Almost two years ago, one of my co-workers approached me about starting a STEM endorsement with her. It sounded like a great opportunity at first, but I immediately thought of all the reasons why it wouldn’t work. I was only a second year teacher (or officially a first year teacher since my internship didn’t count toward my license). Plus, I was spending a lot of time in and out of the classroom preparing for the coming days while simultaneously coaching freshman girls basketball at Bear River High School.
The cohort I would become a part of was only the second in the state. The continuing education credits (or part of the graduate credits) would be paid for by the Utah STEM Action Center. I would also have a teacher friend who would be on the journey with me. While it seemed daunting like a daunting task, I knew it was a great opportunity!
Thanks to some convincing & an awesome cousin/sophomore coach who assured me she could finish practice on the days I had to leave early, I decided to sign up for the first course, The Nature of Science & Engineering. I registered for the first course late, but before the next class session I recruited two more teachers from our district to join in on the learning experience.
Throughout our endorsement, we took six classes:
- The Nature of Science & Engineering
- Energy in STEM
- Force in STEM
- Matter in STEM
- Data Analysis for K-8 Teachers
- STEM Practices
While most of our classes were broadcast from USU’s regional campus in Kaysville, we spent the first month of summer commuting two hours to and from the outskirts of Tooele! I was not super thrilled about all the driving and wondered why we couldn’t just buy all the supplies we would need & do it via broadcast, but the hands on experiences with energy, force, & matter, & being able to meet face to face & collaborate with the people who I had only seen on the screen, were definitely some of my favorites experiences from the endorsement.
Energy & matter are cross-cutting concepts in science. They can be found in any discipline of science, so regardless of the grade level each member of our cohort taught, we were able to apply it to our current science core! I was teaching fifth grade at the time, so it was fun to try & identify energy & matter’s role in our science content (other than the obvious connections like the law of conservation of matter or electricity). I actually spent the rest of my summer hyper aware of energy… where it came from & where it was going. I definitely felt like an energy nerd!!!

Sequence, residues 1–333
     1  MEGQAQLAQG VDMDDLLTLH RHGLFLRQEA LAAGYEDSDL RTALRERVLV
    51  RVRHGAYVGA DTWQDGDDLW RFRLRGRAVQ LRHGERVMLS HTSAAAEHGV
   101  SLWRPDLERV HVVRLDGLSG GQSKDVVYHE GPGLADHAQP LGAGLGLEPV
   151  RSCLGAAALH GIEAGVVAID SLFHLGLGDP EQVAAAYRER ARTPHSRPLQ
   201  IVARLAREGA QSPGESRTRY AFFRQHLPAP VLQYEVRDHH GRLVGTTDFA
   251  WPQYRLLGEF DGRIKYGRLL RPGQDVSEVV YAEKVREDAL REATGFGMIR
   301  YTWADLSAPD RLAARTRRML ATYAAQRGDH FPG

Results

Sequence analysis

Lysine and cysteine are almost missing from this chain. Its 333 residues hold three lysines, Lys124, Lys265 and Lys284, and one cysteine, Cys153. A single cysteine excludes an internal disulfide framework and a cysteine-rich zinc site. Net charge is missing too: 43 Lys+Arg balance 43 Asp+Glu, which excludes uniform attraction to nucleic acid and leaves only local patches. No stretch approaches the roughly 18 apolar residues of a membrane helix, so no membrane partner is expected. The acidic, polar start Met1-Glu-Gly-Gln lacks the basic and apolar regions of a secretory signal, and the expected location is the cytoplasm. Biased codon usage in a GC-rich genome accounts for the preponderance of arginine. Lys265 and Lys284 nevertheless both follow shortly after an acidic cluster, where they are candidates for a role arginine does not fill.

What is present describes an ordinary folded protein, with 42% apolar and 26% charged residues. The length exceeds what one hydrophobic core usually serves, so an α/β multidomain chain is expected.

We did a lot of lesson planning in those three weeks in Tooele (link to lessons at the end of the post)! Some of them were done individually while others were done collaboratively as a grade level team. Since our endorsement was K-8, we got to hear all different presentations for different grade levels. It was interesting to hear the 6-8 teachers explain their lesson/unit ideas since they have already adopted the SEEd standards (K-5 will implement the SEEd standards starting fall 2020!).
After three weeks of being with each other everyday, you would think we would be ready for some space, but I was really sad I wouldn’t see some of my new friends every day! We finished off our endorsement with another broadcasted class where we talked more about STEM practices & how we might implement STEM in our own classroom.
I am really glad I had the opportunity to complete my STEM endorsement. I am grateful for the teacher friends who showed up for late night classes, commuted four hours a day for three weeks to get to our face-to-face classes in Tooele, & all the new connections I was able to make with teachers outside of my district.
I feel like this endorsement not only helped shift my way of thinking about science education & helped me become a better STEM educator, but it also prepared me to roll out the new SEEd standards next fall!
One last thing… Tawnie (my aunt, who was my partner in crime during our endorsement) & I were quite the rocket engineers. Our only materials were card stock & tape. We may not look the part, but we had one of the only rockets that didn’t blow up on the first launch. In fact, we launched our rocket three different times & it still looked good as new!
If you are interested in seeing some of my lesson plans or reflection papers, click here!